This Day in the History of the International Labour Movement

December 5, 1955 

On this day in history the American Federation of Labor (AFL) and the Congress of Industrial Organizations (CIO) were dissolved. Founded on
December 8, 1886, the AFL was one of the earliest federations of labour unions
in the U.S.[1]
Founded as an alliance of craft unions, for roughly half a century the AFL was
the only unifying agency of the labour movement in America[2].

At the AFL’s Convention in 1935 the question of
whether union organization should be based on craft or industry became a
divisive issue. An industry-based resolution was presented which emphasized the
importance of industrial organization. The resolution was rejected, prompting
eight unions to defect. From these eight unions the CIO was born[3].

During the 1940’s the U.S. saw a rise of
conservatism in national labour policies which did not favour organized labour.
In 1947, to make matters worse, Republican majorities in both houses of
Congress voted to enact the Taft-Hartley
. The Act amended the generally union friendly Wagner Act. One reason for the passage of the Taft-Hartley Act was to disempower unions, which had been growing
rapidly in both membership and strength[4]. The CIO joined with the
AFL in opposition to the Act. The AFL and the CIO put aside their differences
and, in 1955, both organizations were dissolved. They merged together to form
the AFL-CIO, which remains intact today[5].

This brief history of the AFL-CIO is one of many
testaments that unions are stronger when they stand together. As large and
numerous as the differences between the AFL and the CIO may have seemed, the
organizations realized they were bound by a commonality of interests and
embraced solidarity. Anyone would be hard pressed to argue that either
organization would have been better off standing alone. Had they stood alone,
it’s anyone’s guess whether either would still be standing today.

December 5, 2007

Fifty-two years
later on December 5, 2007 there was another historic event in labour history
when the National Union of Mineworkers
 of South Africa held a one-day strike over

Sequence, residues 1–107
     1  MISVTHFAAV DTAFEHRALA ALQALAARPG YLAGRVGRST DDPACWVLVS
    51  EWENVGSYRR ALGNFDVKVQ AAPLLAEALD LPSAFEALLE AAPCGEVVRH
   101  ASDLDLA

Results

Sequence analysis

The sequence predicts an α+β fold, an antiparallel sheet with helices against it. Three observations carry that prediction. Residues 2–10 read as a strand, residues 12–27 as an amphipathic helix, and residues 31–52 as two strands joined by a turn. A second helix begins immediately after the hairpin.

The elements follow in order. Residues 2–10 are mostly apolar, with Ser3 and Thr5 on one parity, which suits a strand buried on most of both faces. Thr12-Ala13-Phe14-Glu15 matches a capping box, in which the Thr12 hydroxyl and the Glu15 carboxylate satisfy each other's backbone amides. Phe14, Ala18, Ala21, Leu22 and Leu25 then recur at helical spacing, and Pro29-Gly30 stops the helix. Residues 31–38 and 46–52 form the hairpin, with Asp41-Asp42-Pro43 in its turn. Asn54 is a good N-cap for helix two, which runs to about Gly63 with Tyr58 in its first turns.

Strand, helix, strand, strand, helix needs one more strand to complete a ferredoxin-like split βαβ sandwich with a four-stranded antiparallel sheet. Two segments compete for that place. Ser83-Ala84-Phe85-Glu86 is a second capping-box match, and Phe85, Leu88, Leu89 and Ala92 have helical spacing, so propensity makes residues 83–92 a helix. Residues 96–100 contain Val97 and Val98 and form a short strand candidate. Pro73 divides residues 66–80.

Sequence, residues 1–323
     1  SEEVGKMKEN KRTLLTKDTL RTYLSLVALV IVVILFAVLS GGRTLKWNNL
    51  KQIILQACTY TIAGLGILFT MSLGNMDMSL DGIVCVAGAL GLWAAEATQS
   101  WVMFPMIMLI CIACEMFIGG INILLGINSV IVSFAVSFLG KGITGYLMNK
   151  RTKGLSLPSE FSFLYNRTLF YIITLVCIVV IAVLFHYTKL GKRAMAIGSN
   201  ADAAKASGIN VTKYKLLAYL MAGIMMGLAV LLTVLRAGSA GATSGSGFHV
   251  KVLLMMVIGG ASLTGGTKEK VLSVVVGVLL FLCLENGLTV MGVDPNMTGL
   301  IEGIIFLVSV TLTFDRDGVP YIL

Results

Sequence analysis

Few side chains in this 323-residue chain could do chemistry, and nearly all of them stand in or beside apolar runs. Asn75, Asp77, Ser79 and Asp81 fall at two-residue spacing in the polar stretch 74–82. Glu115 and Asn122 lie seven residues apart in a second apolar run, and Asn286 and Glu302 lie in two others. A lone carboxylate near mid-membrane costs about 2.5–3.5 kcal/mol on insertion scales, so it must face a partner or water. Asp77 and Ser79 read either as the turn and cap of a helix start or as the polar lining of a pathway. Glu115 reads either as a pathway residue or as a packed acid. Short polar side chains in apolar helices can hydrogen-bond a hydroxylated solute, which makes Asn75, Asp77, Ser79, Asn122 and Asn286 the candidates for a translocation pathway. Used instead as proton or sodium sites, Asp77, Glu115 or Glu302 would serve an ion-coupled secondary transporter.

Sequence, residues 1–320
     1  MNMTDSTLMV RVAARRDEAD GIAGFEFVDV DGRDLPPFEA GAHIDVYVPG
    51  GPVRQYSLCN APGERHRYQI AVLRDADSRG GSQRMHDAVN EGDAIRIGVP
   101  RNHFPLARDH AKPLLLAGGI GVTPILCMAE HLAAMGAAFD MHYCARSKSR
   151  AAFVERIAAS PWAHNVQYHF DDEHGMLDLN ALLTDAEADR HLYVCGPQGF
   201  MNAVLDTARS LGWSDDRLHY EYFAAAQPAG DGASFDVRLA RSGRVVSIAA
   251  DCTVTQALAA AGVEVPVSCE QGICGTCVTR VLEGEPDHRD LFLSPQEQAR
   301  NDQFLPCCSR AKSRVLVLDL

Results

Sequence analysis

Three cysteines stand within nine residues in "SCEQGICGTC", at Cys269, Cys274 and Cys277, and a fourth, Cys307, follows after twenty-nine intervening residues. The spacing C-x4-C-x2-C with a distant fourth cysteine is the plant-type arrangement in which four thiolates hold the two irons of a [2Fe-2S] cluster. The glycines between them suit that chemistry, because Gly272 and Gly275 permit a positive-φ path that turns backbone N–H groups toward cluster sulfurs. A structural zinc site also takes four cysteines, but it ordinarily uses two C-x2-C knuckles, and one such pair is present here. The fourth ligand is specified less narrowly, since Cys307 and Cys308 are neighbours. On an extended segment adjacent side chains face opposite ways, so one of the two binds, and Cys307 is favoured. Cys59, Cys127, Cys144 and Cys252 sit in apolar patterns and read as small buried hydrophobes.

concerns for working and safety conditions. Workers were concerned about the
safety conditions of the mine for a long time, with union officials stating
that the companies who owned the mines had shown a lack of concern for safety
conditions dating back to the Apartheid era. This was the first industry-wide
miners’ strike in the history of post-Apartheid South Africa

The mines of
South Africa account for 7% of the nation’s GDP. With economic importance of
such a large scale, the lack of decent working conditions being provided for
the miners is but another example in a long history of the exploitation of
Such exploitation is not limited to South Africa and has been a global trend.
Canada has not been immune to these practices.

On May 9, 1992, in Nova Scotia, the
Westray Mine tragedy shocked the nation. Westray was mining coal when methane
gas escaped from a seam and exploded. Twenty-six miners were killed. Two months
before the mine opened, Liberal MLA Boudreau warned that the Westray mine set
to open was one of the most dangerous mines in the world. Not only did Westray
open the mine despite the dangers, it did so without bothering to adequately
train its miners.

In Westray’s
eagerness to get saleable coal, workers without sufficient coal mining
experience were put to work in the mines. The workers were not trained in safe
work methods and basic safety measures were either ignored or performed

The regulatory framework in Nova
Scotia requires that nearly all workers in underground coal mining hold a
certificate of competency. Section 11 of the Coal Mines Regulation Act (1989) sets the amount of education and work
experience necessary for the certificates. The company is responsible for
training miners. In a post-explosion investigation, the Department of Labour
concluded that the mine “had no program that was appropriate to the needs
of that mine.”

In its rush for
profits, Westray ignored or encouraged many unscrupulous practices, including
having miners work 12-hour shifts and using non-flameproof equipment in ways
that violated conditions set by the Department of Labour.[8]
Given the tragedy that occurred, perhaps the most egregious company practice
was to disconnect methane detectors because of frequent alarms[9].
In reporting on the explosion Justice Peter Richard said: “The Westray story is
a complex mosaic of actions, omissions, mistakes, incompetence, apathy, cynicism,
stupidity and neglect.”

Westray’s goal was
to forge ahead, get the coal and sell it quickly, and the company had no qualms
about exploiting its miners to meet these ends. The company’s mandate took
precedence over safety. As a result of Westray’s greed, 26 miners are no longer
of this world.
The exploitation of miners is a tale as old as mining. One
day we hope to see a final chapter to that tale.

[1] J. Sakai, Settlers: Mythology of the White Proletariat
(Morningstar Press, 1989), 3rd ed.
[2] Philip S. Foner,
History of the Labour Movement in the United
States, Volume 2: From the Founding of the AFL to the Emergence of American
(New York: International Publishers, 1955) 132-133.

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